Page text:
datasette-auth-tokens by simonw

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datasette-auth-tokens

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Datasette plugin for authenticating access using API tokens

Installation

Install this plugin in the same environment as Datasette.

datasette install datasette-auth-tokens

Hard-coded tokens

Read about Datasette's authentication and permissions system.

This plugin lets you configure secret API tokens which can be used to make authenticated requests to Datasette.

First, create a random API token. A useful recipe for doing that is the following:

python -c 'import secrets; print(secrets.token_hex(32))'
5f9a486dd807de632200b17508c75002bb66ca6fde1993db1de6cbd446362589

Decide on the actor that this token should represent, for example:

{
    "bot_id": "my-bot"
}

You can then use "allow" blocks to provide that token with permission to access specific actions. To enable access to a configured writable SQL query you could use this in your metadata.json:

{
    "plugins": {
        "datasette-auth-tokens": {
            "tokens": [
                {
                    "token": {
                        "$env": "BOT_TOKEN"
                    },
                    "actor": {
                        "bot_id": "my-bot"
                    }
                }
            ]
        }
    },
    "databases": {
        ":memory:": {
            "queries": {
                "show_version": {
                    "sql": "select sqlite_version()",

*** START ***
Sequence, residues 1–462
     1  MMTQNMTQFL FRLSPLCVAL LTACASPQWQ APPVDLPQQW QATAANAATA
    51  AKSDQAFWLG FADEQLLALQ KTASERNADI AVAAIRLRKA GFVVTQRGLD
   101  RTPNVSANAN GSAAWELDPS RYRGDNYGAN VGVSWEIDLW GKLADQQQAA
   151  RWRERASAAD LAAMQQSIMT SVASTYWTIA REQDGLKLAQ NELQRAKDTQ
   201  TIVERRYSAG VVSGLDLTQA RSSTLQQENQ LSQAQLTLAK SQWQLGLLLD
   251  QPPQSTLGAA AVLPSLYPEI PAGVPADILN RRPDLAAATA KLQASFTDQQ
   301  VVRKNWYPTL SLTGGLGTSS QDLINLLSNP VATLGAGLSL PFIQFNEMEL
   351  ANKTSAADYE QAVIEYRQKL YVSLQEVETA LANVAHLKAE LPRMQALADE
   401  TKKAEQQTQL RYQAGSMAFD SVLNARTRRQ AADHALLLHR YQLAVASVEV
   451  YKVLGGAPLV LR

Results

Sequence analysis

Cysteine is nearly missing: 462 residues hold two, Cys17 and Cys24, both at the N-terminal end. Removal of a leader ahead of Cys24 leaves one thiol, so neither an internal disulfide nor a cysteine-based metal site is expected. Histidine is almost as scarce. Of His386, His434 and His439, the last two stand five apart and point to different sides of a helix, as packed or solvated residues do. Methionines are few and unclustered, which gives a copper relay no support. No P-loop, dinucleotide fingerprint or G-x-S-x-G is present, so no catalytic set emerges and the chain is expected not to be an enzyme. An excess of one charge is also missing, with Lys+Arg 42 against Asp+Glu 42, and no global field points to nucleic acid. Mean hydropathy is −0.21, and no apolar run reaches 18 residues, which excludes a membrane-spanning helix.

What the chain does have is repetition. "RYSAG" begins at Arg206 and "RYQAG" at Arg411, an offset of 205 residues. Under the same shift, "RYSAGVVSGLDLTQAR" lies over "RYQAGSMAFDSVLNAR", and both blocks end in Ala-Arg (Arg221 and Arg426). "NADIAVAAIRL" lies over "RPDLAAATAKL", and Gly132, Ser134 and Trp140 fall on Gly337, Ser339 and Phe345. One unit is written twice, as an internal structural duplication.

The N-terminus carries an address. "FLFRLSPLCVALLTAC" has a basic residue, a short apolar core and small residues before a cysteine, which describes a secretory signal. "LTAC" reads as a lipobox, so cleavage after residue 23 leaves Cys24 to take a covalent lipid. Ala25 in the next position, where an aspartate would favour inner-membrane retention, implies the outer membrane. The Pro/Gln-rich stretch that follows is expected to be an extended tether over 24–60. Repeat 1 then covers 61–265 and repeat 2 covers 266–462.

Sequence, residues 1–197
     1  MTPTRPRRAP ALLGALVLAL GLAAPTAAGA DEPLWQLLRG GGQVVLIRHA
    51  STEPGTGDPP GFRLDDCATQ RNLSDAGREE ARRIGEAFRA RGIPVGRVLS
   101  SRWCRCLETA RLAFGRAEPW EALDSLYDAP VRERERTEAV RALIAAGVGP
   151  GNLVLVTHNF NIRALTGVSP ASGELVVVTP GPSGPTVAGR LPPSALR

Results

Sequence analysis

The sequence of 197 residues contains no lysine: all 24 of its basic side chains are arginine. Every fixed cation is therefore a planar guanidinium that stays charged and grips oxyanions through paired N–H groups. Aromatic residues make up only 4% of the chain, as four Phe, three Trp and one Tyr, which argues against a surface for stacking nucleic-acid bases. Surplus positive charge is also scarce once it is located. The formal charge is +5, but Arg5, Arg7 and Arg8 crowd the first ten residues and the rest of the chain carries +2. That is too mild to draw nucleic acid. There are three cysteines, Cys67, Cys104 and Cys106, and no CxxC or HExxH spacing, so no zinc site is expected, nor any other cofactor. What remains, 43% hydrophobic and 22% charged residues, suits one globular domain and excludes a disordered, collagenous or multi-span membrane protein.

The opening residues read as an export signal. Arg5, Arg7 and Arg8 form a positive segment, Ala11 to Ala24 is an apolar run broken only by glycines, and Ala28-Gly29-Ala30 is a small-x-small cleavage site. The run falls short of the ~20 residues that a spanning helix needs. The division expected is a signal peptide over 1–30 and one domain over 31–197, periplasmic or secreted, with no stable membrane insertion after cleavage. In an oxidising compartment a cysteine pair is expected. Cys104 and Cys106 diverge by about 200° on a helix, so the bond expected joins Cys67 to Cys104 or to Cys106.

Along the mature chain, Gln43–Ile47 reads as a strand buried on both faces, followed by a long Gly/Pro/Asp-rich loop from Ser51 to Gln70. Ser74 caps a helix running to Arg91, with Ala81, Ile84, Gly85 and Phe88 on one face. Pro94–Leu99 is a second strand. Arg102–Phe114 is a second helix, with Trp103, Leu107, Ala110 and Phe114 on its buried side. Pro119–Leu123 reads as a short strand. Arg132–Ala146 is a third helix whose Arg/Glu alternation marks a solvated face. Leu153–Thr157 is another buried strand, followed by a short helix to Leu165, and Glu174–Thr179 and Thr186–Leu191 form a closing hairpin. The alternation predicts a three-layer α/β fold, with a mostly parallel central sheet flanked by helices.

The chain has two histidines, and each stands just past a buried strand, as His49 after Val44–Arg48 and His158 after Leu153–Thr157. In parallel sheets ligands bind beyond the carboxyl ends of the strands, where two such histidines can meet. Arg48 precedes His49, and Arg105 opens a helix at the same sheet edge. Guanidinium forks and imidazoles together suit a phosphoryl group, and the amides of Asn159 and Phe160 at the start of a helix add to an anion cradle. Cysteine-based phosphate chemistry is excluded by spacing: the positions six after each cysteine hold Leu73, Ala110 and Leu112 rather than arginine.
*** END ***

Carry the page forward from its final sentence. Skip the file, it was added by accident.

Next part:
"allow": {
                        "bot_id": "my-bot"
                    }
                }
            }
        }
    }
}

This uses Datasette's secret configuration values mechanism to allow the secret token to be passed as an environment variable.

Run Datasette like this:

BOT_TOKEN="this-is-the-secret-token" \
    datasette -m metadata.json

You can now run authenticated API queries like this:

curl -H 'Authorization: Bearer this-is-the-secret-token' \
  'http://127.0.0.1:8001/:memory:/show_version.json?_shape=array'
[{"sqlite_version()": "3.31.1"}]

Additionally you can allow passing the token as a query string parameter, although that's disabled by default given the security implications of URLs with secret tokens included. This may be useful to easily allow embedding data between different services.

Simply enable it using the param config value:

{
    "plugins": {
        "datasette-auth-tokens": {
            "tokens": [
                {
                    "token": {
                        "$env": "BOT_TOKEN"
                    },
                    "actor": {
                        "bot_id": "my-bot"